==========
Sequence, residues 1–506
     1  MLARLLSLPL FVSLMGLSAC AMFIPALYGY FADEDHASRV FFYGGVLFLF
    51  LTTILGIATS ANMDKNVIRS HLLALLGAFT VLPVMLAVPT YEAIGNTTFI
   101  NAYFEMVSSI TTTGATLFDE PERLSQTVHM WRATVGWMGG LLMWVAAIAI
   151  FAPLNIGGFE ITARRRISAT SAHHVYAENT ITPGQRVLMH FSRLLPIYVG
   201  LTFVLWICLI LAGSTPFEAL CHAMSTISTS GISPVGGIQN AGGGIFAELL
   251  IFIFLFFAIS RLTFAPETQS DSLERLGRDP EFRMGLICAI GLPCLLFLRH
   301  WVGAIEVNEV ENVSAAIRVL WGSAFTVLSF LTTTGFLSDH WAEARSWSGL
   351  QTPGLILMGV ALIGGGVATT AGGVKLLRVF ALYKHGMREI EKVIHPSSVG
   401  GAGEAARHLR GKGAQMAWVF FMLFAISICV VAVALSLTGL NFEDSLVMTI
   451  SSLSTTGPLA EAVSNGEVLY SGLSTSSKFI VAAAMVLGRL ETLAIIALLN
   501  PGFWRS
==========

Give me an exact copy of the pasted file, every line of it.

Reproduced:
Sequence, residues 1–506
     1  MLARLLSLPL FVSLMGLSAC AMFIPALYGY FADEDHASRV FFYGGVLFLF
    51  LTTILGIATS ANMDKNVIRS HLLALLGAFT VLPVMLAVPT YEAIGNTTFI
   101  NAYFEMVSSI TTTGATLFDE PERLSQTVHM WRATVGWMGG LLMWVAAIAI
   151  FAPLNIGGFE ITARRRISAT SAHHVYAENT ITPGQRVLMH FSRLLPIYVG
   201  LTFVLWICLI LAGSTPFEAL CHAMSTISTS GISPVGGIQN AGGGIFAELL
   251  IFIFLFFAIS RLTFAPETQS DSLERLGRDP EFRMGLICAI GLPCLLFLRH
   301  WVGAIEVNEV ENVSAAIRVL WGSAFTVLSF LTTTGFLSDH WAEARSWSGL
   351  QTPGLILMGV ALIGGGVATT AGGVKLLRVF ALYKHGMREI EKVIHPSSVG
   401  GAGEAARHLR GKGAQMAWVF FMLFAISICV VAVALSLTGL NFEDSLVMTI
   451  SSLSTTGPLA EAVSNGEVLY SGLSTSSKFI VAAAMVLGRL ETLAIIALLN
   501  PGFWRS